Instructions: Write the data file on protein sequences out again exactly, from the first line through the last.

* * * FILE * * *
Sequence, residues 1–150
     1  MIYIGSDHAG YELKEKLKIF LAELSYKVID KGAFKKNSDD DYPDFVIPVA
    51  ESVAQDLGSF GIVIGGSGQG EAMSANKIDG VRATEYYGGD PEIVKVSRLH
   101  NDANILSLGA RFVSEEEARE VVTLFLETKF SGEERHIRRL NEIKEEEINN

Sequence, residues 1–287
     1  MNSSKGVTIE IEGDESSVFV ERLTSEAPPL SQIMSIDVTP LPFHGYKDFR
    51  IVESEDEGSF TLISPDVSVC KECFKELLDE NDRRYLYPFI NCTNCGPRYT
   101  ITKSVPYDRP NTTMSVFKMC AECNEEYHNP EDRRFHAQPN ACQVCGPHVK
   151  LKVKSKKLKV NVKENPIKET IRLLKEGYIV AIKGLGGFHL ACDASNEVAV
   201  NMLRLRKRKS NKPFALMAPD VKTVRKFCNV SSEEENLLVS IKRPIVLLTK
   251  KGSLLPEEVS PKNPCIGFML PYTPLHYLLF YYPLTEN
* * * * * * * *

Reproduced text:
Sequence, residues 1–150
     1  MIYIGSDHAG YELKEKLKIF LAELSYKVID KGAFKKNSDD DYPDFVIPVA
    51  ESVAQDLGSF GIVIGGSGQG EAMSANKIDG VRATEYYGGD PEIVKVSRLH
   101  NDANILSLGA RFVSEEEARE VVTLFLETKF SGEERHIRRL NEIKEEEINN

Sequence, residues 1–287
     1  MNSSKGVTIE IEGDESSVFV ERLTSEAPPL SQIMSIDVTP LPFHGYKDFR
    51  IVESEDEGSF TLISPDVSVC KECFKELLDE NDRRYLYPFI NCTNCGPRYT
   101  ITKSVPYDRP NTTMSVFKMC AECNEEYHNP EDRRFHAQPN ACQVCGPHVK
   151  LKVKSKKLKV NVKENPIKET IRLLKEGYIV AIKGLGGFHL ACDASNEVAV
   201  NMLRLRKRKS NKPFALMAPD VKTVRKFCNV SSEEENLLVS IKRPIVLLTK
   251  KGSLLPEEVS PKNPCIGFML PYTPLHYLLF YYPLTEN